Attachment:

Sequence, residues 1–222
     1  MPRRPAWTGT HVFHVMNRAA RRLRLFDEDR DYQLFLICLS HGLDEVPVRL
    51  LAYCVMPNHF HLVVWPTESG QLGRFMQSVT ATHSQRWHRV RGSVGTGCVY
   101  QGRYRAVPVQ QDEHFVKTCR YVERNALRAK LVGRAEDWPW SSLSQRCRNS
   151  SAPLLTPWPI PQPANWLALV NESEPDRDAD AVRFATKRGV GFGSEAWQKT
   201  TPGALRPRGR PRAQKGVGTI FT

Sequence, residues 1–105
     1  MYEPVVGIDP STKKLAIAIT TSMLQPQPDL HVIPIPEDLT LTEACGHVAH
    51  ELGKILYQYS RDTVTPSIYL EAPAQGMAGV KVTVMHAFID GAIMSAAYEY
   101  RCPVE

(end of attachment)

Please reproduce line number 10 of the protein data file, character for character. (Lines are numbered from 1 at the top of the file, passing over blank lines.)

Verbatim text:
   101  RCPVE